The species is characterized by its moderately thin, quilted blades with many broadly spreading primary lateral veins and crisped-undulate margins with the lower midrib and primary lateral veins puberulent.
It ranges from northeastern Costa Rica to western Panama (Bocas del Toro, Chiriqui, and Veragua).
Dieffenbachia beachiana initiates inflorescences in the late rainy season with plants reaching anthesis in the dry season (January through April). Immature fruits have been seen from April to September and mature fruits have been seen from April to December.
In Costa Rica it occurs on the Atlantic slope of the Central Cordillera and the Cordillera Talamanca, ranging from the Sara- piqui region to Tortuguero and Siquirres.

Native to:

Costa Rica, Panamá

Dieffenbachia beachiana Croat & Grayum appears in other Kew resources:

Date Reference Identified As Barcode Type Status
Croat, T.B. [60130], Panama K000400551 isotype

First published in Novon 9: 491 (1999)

Accepted by

  • Croat, T. (2004). Revision of Dieffenbachia (Araceae) of Mexico, Central America, and the West Indies Annals of the Missouri Botanical Garden 91: 668-772.
  • Govaerts, R. & Frodin, D.G. (2002). World Checklist and Bibliography of Araceae (and Acoraceae): 1-560. The Board of Trustees of the Royal Botanic Gardens, Kew.
  • Hammel, B.E. & al. (2003). Manual de Plantas de Costa Rica 2: 1-694. Missouri Botanical Garden Press, St. Louis.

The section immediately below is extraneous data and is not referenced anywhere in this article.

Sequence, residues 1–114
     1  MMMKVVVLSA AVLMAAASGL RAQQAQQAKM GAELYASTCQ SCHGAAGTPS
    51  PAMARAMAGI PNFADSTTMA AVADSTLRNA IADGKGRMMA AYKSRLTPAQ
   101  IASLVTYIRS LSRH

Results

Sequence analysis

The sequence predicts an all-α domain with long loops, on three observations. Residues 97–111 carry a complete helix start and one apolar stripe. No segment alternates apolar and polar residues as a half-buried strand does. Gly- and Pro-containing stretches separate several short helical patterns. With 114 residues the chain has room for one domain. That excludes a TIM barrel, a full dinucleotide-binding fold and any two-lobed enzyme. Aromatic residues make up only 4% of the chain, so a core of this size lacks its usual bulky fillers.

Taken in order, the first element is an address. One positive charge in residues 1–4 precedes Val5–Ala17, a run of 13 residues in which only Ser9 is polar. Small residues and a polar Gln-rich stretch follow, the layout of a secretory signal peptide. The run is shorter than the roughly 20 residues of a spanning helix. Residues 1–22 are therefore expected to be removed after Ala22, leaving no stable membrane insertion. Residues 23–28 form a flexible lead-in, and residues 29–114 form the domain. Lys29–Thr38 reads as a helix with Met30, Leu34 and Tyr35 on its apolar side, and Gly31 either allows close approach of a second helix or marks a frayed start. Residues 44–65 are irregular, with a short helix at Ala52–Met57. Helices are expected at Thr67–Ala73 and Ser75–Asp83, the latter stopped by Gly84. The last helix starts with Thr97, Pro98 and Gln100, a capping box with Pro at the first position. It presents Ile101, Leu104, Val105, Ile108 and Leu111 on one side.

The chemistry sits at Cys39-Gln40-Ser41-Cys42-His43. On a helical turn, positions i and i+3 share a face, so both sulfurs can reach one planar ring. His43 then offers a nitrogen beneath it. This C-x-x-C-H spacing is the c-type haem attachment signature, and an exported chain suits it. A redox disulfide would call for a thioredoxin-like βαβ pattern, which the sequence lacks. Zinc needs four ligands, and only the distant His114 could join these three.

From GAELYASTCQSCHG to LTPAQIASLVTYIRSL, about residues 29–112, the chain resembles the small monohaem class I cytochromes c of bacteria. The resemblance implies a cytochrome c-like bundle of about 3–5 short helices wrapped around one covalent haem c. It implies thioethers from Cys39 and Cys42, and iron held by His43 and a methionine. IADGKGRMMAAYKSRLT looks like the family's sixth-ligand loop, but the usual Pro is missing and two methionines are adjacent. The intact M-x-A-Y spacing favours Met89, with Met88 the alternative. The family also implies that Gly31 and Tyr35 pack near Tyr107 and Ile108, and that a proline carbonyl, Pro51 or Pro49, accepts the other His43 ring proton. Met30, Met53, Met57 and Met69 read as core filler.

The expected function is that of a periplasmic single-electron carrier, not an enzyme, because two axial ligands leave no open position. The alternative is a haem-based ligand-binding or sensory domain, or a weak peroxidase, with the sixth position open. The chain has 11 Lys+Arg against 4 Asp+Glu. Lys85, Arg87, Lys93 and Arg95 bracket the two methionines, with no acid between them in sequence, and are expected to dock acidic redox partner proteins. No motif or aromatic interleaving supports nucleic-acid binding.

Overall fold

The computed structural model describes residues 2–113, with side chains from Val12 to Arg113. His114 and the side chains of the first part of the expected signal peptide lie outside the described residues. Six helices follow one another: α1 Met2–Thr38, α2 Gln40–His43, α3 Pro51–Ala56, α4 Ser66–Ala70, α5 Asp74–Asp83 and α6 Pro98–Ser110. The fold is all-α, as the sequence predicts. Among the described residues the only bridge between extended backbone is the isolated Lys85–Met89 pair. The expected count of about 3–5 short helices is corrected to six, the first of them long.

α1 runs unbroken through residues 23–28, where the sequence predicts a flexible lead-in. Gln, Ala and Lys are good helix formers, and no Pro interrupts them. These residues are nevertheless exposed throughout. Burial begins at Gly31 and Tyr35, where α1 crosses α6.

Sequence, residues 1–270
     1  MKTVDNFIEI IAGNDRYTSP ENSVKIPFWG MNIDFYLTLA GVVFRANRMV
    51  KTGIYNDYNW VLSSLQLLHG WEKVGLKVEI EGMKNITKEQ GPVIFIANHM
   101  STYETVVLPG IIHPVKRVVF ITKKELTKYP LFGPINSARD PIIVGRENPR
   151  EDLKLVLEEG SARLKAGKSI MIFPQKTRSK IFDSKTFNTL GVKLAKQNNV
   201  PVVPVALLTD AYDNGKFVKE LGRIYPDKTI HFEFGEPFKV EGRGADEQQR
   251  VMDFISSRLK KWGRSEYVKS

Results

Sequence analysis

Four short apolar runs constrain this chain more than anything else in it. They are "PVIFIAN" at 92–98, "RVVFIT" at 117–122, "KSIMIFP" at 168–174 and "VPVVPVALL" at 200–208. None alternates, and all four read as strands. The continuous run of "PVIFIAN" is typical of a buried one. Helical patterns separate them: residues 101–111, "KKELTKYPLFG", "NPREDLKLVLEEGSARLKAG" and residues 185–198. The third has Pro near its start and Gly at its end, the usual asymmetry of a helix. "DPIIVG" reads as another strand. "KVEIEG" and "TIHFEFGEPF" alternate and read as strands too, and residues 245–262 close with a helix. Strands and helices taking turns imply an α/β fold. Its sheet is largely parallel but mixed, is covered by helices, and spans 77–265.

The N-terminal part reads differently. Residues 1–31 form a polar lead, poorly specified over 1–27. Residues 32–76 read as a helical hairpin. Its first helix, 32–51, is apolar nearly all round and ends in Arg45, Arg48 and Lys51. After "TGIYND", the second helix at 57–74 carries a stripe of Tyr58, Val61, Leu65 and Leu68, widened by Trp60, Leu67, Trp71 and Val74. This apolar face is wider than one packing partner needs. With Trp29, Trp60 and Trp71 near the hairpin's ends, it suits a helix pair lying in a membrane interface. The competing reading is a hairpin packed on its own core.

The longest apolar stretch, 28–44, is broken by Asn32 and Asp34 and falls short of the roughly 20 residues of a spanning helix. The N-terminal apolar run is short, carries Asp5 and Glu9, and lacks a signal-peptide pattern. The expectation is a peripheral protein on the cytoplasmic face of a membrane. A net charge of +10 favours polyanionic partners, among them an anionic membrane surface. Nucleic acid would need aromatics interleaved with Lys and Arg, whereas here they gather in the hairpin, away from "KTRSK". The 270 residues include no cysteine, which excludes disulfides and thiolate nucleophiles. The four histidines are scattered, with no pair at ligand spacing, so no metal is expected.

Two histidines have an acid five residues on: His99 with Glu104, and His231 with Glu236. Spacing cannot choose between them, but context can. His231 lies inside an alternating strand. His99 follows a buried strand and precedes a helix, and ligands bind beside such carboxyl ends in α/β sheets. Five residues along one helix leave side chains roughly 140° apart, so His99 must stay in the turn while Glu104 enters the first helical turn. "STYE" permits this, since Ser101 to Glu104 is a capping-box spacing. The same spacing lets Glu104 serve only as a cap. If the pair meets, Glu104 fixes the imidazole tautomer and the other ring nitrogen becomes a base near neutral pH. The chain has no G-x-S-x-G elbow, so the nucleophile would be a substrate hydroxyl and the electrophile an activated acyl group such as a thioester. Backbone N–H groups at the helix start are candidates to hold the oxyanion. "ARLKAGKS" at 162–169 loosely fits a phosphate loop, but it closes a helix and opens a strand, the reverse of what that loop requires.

• Stevens, W.D., Ulloa U., C., Pool, A. & Montiel, O.M. (2001). Flora de Nicaragua Monographs in Systematic Botany from the Missouri Botanical Garden 85: i-xlii, 1-2666. Missouri Botanical Garden.


CATE Araceae

  • Croat, T. 2004. Revision of Dieffenbachia (Araceae) of Mexico, Central America and the West Indies. Ann. Missouri Bot. Gard.. 91 (4): 668-772

CATE Araceae
Haigh, A., Clark, B., Reynolds, L., Mayo, S.J., Croat, T.B., Lay, L., Boyce, P.C., Mora, M., Bogner, J., Sellaro, M., Wong, S.Y., Kostelac, C., Grayum, M.H., Keating, R.C., Ruckert, G., Naylor, M.F. and Hay, A., CATE Araceae, 17 Dec 2011.

Herbarium Catalogue Specimens
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Kew Backbone Distributions
The International Plant Names Index and World Checklist of Selected Plant Families 2021. Published on the Internet at and
© Copyright 2017 World Checklist of Selected Plant Families.

Kew Names and Taxonomic Backbone
The International Plant Names Index and World Checklist of Selected Plant Families 2021. Published on the Internet at and
© Copyright 2017 International Plant Names Index and World Checklist of Selected Plant Families.